Canary Wharf Group Chairman and Chief Executive Officer Sir George Iacobescu said: “We are very proud of the role Canary Wharf Group played delivering the Canary Wharf Crossrail station well ahead of schedule, ready for the tunnel boring machines to breakthrough. Four years after construction of Crossrail began here at Canary Wharf, the breakthrough represents a large and tangible step towards a new world-class rail line, set to benefit the whole of London through reduced travel times and much enhanced capacity and resilience.”
Tunnelling machine Elizabeth will now undergo maintenance inside the Canary Wharf station box before resuming tunnelling towards central London. Sister machine Victoria is due to breakthrough into the station in the next few weeks.
Crossrail’s construction commenced on 15 May 2009 with the start of work on Canary Wharf station, with tunnelling work starting in May 2012. The western tunnelling machines Phyllis and Ada have now reached Tottenham Court Road and Bond Street respectively. In south-east London, tunnelling machine Sophia has reached the Woolwich station box with sister machine Mary now underway from Plumstead.
Crossrail is moving into the peak of construction between now and 2015. The entire project is now more than one-third complete and progress made to-date includes:
- Over 8,000 workers at more than 40 construction sites across London and the southeast
- Eight tunnel boring machines will be used to construct the Crossrail route with six tunnelling machines now in operation
- More than 7½ miles / 12 km of tunnels built so far
- Flagship new Crossrail stations in central London under construction – Paddington, Bond Street, Tottenham Court Road, Farringdon, Liverpool Street, Whitechapel and Canary Wharf
- Nearly 200 apprentices employed on the Crossrail project and a range of other employment and skills initiatives including the opening of the Tunnelling and Underground Construction Academy
- Refurbishment well underway at the 135 year old Connaught Tunnel under the Royal Docks which will be brought back into use for Crossrail, including work to open the tunnel from above for the first time since its construction in 1878
- Work underway to create a new 1,500 acre nature reserve at Wallasea Island in Essex using excavated material from Crossrail’s tunnelling programme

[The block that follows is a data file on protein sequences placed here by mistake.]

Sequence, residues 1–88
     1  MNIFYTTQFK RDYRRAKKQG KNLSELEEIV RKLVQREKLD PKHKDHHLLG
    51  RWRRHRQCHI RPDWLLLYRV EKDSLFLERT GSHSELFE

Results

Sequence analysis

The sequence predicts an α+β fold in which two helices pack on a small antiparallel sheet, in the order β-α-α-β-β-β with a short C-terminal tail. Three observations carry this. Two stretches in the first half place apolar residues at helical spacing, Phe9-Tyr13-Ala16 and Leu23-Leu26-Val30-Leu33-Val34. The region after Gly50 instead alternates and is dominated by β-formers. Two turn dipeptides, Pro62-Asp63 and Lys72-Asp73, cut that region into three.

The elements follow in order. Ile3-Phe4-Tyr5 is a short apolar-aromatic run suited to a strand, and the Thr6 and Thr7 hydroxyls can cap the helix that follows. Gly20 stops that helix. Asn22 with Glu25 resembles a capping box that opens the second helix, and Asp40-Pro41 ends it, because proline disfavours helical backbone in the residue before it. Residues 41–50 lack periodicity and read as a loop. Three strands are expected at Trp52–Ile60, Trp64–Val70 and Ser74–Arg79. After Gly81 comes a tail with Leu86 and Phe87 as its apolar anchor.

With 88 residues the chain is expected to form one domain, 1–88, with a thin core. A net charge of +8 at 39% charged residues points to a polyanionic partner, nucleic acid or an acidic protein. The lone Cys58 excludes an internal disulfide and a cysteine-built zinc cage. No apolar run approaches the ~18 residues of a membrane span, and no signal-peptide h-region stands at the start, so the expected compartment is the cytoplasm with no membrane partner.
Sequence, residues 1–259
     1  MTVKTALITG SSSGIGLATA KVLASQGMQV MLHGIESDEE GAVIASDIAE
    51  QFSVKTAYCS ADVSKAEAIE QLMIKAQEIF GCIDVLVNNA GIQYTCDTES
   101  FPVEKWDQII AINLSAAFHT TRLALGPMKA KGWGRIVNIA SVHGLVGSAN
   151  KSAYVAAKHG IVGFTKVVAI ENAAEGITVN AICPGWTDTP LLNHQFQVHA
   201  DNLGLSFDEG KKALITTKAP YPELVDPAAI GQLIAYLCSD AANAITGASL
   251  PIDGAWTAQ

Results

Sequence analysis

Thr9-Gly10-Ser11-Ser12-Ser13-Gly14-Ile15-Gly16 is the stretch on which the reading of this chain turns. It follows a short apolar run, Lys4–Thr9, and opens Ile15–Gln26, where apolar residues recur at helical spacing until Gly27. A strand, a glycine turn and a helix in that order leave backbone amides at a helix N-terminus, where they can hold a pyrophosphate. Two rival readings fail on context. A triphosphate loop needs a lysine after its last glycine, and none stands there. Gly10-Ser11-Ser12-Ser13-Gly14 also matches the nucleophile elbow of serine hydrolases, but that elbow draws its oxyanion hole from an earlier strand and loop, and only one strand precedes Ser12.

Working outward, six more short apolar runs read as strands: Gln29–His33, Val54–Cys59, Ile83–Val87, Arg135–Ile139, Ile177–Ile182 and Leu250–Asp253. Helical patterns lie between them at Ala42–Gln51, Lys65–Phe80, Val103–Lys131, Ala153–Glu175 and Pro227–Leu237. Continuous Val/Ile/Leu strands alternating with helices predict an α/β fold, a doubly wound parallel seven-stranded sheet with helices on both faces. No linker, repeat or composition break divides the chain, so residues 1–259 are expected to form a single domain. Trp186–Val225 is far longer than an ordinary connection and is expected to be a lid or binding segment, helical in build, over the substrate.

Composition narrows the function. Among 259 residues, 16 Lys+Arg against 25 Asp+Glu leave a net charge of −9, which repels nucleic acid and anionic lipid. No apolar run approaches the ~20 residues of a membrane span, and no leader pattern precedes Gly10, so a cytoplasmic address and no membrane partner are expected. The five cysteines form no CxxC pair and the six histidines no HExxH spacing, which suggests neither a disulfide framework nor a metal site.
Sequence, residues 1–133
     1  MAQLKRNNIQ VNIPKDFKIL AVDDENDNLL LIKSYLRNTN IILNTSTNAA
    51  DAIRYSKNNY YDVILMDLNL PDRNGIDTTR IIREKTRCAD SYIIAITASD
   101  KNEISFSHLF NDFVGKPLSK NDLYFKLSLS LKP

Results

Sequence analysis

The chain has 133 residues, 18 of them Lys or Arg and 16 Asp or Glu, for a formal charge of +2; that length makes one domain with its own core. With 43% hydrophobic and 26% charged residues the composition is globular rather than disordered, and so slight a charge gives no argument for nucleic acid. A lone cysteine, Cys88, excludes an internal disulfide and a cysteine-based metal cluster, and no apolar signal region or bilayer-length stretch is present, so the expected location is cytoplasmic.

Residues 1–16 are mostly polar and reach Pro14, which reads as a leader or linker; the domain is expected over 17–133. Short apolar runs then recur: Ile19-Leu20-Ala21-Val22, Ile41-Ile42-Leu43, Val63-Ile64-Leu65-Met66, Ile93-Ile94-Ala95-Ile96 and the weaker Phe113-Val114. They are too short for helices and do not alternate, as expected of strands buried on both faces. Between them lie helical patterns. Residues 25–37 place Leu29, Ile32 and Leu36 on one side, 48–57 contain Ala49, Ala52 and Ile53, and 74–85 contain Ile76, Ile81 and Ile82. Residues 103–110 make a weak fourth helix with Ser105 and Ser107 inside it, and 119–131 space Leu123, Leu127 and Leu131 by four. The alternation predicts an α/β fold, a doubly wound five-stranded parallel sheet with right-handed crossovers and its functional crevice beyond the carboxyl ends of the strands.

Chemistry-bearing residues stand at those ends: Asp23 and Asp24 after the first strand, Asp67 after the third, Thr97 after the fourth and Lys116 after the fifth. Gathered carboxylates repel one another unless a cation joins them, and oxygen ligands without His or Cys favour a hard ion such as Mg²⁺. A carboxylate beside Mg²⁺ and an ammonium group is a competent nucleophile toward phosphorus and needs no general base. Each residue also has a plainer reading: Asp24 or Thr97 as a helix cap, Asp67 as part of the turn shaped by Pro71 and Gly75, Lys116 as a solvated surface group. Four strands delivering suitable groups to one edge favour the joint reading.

Key milestones coming up on the Crossrail project include:
- Completion of the first Crossrail tunnels by the end of 2013 – the 6km western section between Royal Oak and Farringdon
- Crossrail’s final two tunnel boring machines launched later this year to begin further tunnelling work in Pudding Mill Lane, east London
- Continued progress by Canary Wharf Group on the four-storey retail development above the new Canary Wharf station, including the start of work on the timber lattice roof in late 2013
- Archaeology work continuing at Crossrail sites later this year including excavation of the Bedlam Burial Ground at Liverpool Street station where up to 4,000 skeletons from the 1600s-1800s are thought to be buried
- Work nearing completion on the 34.5 metres deep Stepney Green shaft, one of Europe’s largest underground caverns – the two eastern tunnelling machines will pass through the shaft later this year
- Throughout the life of the Crossrail project and its supply chain it is estimated that enough work will be generated to support the equivalent of 55,000 full time jobs
When Crossrail opens in 2018, it will increase London’s rail-based transport network capacity by 10 per cent and dramatically cut journey times across the city. Crossrail will be fully integrated as part of the TfL network providing a fast, frequent service linking the east and west and relieving congestion on some of the busiest Tube lines.